Textual Healing Part II

November 15, 2012

(This article was first published on is.R(), and kindly contributed to R-bloggers)

Yesterday’s post showed a number of quick coding options for changing text in a basic ggplot. Here’s another two tricks for fine-tuning faceted plots. Again, let’s load our made up data about tooth growth (a real dataset in R, ToothGrowth, has the real data if you’re interested).

As usual, we begin with creating our dataset:

First plot:

Now, say we want to change something about the facet strip text. Specifically we want to highlight them with a yellow background and change the text size.

Plot.1 + theme(strip.text.x = element_text(size=16, face=”bold”) ,

               strip.background = element_rect(fill=”yellow”)   

               ) + theme(axis.text.x = element_text(colour=”black”, 

              size = 11, 

              face = “bold.italic”,




Now, what if we wanted I, II and III to be meaningful; perhaps I corresponds to one half dose, II to Five CCs and III to ‘A lot’… I know this isn’t a great choice of specific labels and we could just have gone back and recreated the data from scratch. This is intentionally done to show how to overcome another problem. Below we create a factor variable that does this and then plot the result.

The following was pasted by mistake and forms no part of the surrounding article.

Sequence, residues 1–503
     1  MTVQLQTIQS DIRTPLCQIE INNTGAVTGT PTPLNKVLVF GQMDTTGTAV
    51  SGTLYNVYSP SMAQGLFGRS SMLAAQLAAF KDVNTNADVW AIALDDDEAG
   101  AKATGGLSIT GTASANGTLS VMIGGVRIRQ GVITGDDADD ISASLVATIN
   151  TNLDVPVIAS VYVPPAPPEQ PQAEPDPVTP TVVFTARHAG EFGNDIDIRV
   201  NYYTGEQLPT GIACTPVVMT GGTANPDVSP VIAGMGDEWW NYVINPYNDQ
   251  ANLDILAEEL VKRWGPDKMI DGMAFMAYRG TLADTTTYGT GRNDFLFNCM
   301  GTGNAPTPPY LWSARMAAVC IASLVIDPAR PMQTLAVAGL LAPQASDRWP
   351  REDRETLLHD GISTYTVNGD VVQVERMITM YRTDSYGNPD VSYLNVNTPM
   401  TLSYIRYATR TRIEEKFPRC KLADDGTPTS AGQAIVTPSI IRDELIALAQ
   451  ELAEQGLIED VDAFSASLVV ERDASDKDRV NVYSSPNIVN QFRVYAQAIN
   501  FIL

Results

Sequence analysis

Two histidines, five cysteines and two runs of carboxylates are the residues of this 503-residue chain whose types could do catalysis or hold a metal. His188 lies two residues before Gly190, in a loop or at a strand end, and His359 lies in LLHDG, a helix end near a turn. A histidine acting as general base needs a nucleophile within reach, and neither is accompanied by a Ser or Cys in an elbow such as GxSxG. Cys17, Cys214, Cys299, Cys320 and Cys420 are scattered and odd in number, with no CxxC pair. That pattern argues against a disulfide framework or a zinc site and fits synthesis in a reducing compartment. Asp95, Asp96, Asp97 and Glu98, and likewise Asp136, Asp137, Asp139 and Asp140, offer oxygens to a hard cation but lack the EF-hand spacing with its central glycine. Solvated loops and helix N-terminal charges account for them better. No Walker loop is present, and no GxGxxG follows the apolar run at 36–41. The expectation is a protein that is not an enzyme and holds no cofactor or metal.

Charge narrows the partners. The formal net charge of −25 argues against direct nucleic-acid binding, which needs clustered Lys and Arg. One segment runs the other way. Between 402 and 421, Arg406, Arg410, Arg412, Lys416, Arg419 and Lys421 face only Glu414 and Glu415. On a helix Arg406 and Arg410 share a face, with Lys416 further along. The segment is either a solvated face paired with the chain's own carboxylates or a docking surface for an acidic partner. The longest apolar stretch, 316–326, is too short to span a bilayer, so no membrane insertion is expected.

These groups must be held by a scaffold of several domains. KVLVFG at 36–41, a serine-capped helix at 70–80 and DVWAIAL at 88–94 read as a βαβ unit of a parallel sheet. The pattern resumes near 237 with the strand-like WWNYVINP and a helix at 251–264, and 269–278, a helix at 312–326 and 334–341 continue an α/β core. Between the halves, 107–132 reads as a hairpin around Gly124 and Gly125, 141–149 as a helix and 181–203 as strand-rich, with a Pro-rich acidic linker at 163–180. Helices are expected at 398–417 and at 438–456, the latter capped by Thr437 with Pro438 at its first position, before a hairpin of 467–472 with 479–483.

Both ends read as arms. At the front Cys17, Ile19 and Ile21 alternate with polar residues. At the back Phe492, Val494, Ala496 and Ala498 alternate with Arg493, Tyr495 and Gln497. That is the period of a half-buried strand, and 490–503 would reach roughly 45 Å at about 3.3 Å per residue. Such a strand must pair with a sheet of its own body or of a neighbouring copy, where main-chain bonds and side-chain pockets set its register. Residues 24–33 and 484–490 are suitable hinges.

text.plots$DOSE2 <- c()

text.plots$DOSE2 <- “One Half Dose”

text.plots$DOSE2 <- “Five CCs”

text.plots$DOSE2 <- “A Lot”

Plot.2 <- ggplot( text.plots, aes( x = SUPP, y = LENGTH , fill = SUPP ) ) +

  geom_boxplot( alpha = 0.6, outlier.colour = c(“grey40”) , outlier.size=3.5

  ) + scale_fill_manual(values=c(“cadetblue”, “orange”, “orangered3”)) + 

  facet_wrap(~DOSE2) + theme_bw() +labs(title=”Tooth Growth in Guinea Pigs \n”, 

                                       x=”\n Treatment”, y=”Change in Length (mm) \n”) +  guides(fill = guide_legend(“\n Supplement”)) +geom_hline(y=0, lty=2)

Plot.3 <- Plot.2 + scale_y_continuous(breaks=seq(-4, 24, by=4))


As many of you have probably experienced, this is in the “wrong” order due to how factors are treated (alphabetically). One ‘hack’ is to simply add spaces to the variable names, another way is to do something like this:

text.plots$DOSE2 <- factor(text.plots$DOSE2)

text.plots$DOSE2 <- factor(text.plots$DOSE2,

                               levels= levels(text.plots$DOSE2))

Now our plot looks like this:

Now they’re in their “right” order, not just alphabetical, and we can adjust the plot as we have in previous posts… voila:

Full Code Below:

To leave a comment for the author, please follow the link and comment on their blog: is.R().

R-bloggers.com offers daily e-mail updates about R news and tutorials on topics such as: Data science, Big Data, R jobs, visualization (ggplot2, Boxplots, maps, animation), programming (RStudio, Sweave, LaTeX, SQL, Eclipse, git, hadoop, Web Scraping) statistics (regression, PCA, time series, trading) and more...

If you got this far, why not subscribe for updates from the site? Choose your flavor: e-mail, twitter, RSS, or facebook...

Tags: , ,

Comments are closed.


Never miss an update!
Subscribe to R-bloggers to receive
e-mails with the latest R posts.
(You will not see this message again.)

Click here to close (This popup will not appear again)